NEW YORK (Reuters Health) - Women who suffer from depression after giving birth can often be helped with antidepressants, and when treatment is successful it usually improves sexual problems.
In the Journal of Clinical Psychiatry, Dr. Katherine L. Wisner, of the University of Pittsburgh Medical Center, Pennsylvania, and colleagues report their assessment of sexual problems in women diagnosed with postpartum depression. The information was drawn from an 8-week study comparing the antidepressants nortriptyline (for example, Sensoval, Aventyl) and sertraline (Zoloft, Lustral) for postpartum depression in 70 women.
At the start of the study, 73 percent of women reported problems in at least three areas of sexual function. By week 8, this number had fallen to 37 percent, and women whose depression resolved were more likely to report fewer concerns about sex drive, sexual arousal, and reaching orgasm than those whose depression did not remit, regardless of which antidepressant they received, according to the researchers.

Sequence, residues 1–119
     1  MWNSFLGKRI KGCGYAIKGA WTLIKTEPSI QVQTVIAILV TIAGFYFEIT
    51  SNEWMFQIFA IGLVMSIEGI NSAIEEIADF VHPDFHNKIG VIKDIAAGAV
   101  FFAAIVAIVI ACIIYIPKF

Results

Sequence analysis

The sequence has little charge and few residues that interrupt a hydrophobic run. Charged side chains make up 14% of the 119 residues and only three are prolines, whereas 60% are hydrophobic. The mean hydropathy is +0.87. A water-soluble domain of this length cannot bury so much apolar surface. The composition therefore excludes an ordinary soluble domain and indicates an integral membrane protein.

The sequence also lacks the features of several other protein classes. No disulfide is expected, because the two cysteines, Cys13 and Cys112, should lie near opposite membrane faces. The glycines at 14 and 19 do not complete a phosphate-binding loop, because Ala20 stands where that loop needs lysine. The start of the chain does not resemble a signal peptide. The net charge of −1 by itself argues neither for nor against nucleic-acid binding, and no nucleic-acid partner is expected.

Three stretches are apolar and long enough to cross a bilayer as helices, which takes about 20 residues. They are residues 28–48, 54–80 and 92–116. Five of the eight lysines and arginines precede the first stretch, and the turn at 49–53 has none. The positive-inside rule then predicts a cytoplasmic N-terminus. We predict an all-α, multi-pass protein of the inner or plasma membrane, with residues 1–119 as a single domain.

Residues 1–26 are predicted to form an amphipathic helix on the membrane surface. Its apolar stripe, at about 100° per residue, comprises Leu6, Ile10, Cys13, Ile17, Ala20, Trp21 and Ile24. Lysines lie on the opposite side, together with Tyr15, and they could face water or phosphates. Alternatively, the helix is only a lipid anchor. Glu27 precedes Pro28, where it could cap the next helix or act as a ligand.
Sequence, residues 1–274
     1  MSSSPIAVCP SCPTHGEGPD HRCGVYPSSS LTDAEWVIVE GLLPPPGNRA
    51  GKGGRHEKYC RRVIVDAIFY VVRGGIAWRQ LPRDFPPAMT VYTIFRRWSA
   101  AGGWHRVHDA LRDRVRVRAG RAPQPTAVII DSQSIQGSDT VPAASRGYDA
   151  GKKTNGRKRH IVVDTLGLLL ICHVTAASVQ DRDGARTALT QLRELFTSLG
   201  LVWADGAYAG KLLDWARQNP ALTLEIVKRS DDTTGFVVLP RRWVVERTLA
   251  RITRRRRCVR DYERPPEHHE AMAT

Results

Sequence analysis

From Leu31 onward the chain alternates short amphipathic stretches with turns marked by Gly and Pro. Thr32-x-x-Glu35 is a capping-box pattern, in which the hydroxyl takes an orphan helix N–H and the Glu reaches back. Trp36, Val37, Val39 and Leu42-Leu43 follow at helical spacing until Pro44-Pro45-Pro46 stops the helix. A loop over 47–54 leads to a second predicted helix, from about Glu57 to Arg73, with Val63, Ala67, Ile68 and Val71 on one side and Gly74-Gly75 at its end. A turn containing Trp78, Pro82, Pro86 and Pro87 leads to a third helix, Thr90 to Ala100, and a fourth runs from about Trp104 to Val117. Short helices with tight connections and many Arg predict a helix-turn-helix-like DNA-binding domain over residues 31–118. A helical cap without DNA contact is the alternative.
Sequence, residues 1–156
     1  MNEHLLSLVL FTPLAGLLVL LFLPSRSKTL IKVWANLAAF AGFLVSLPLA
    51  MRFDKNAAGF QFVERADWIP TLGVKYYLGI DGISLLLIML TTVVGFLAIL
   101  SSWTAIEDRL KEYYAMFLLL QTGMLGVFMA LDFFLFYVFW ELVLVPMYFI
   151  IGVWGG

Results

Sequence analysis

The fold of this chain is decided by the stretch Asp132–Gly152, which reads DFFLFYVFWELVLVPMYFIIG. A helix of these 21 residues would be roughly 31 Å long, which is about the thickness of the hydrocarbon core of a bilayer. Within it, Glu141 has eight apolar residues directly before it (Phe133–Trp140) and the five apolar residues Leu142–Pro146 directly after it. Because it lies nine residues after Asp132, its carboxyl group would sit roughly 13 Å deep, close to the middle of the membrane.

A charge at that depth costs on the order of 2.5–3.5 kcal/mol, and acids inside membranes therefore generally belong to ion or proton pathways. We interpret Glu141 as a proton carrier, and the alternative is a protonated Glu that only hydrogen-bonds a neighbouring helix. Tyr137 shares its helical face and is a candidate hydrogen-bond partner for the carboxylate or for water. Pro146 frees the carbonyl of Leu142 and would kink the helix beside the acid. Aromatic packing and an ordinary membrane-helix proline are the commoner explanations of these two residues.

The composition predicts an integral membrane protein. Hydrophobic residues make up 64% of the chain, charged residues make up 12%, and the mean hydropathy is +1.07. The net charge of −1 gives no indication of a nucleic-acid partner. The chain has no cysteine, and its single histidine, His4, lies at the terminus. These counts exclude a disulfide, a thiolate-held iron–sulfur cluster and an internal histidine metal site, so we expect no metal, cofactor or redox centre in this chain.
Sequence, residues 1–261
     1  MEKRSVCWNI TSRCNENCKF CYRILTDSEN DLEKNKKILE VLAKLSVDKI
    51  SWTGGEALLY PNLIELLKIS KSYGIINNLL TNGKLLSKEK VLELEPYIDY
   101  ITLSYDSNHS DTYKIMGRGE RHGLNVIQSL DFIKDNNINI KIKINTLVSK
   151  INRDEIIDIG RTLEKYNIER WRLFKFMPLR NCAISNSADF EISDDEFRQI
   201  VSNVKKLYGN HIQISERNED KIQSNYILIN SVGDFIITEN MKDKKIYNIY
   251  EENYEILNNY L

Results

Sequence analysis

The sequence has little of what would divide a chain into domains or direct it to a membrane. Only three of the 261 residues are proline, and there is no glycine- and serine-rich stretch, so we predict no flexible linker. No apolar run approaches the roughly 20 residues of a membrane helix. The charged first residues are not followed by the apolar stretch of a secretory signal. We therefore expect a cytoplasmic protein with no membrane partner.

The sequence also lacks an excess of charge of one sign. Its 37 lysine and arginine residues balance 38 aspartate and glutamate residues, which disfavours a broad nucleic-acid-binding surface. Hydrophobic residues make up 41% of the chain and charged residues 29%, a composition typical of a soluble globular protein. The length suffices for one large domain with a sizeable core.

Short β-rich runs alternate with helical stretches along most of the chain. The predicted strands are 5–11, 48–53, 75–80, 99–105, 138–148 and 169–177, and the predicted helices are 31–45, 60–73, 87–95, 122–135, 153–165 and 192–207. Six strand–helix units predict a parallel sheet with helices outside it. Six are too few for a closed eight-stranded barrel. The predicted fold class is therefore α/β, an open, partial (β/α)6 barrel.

The investigators point out that for new mothers with depression and sexual problems, prior research has shown that recovery depends not only on relieving the depression but also on the time it takes for tissues around the vagina to recover from the stress of childbirth.
In the current study, however, the decrease in sexual concerns was specifically linked with improvements in depression rather than with the passage of time, according to the article.
The lack of a specific association with either nortriptyline or sertraline suggests that it does not matter how the depression is addressed, only that it is relieved, the authors note.
SOURCE: Journal of Clinical Psychiatry, March 2009.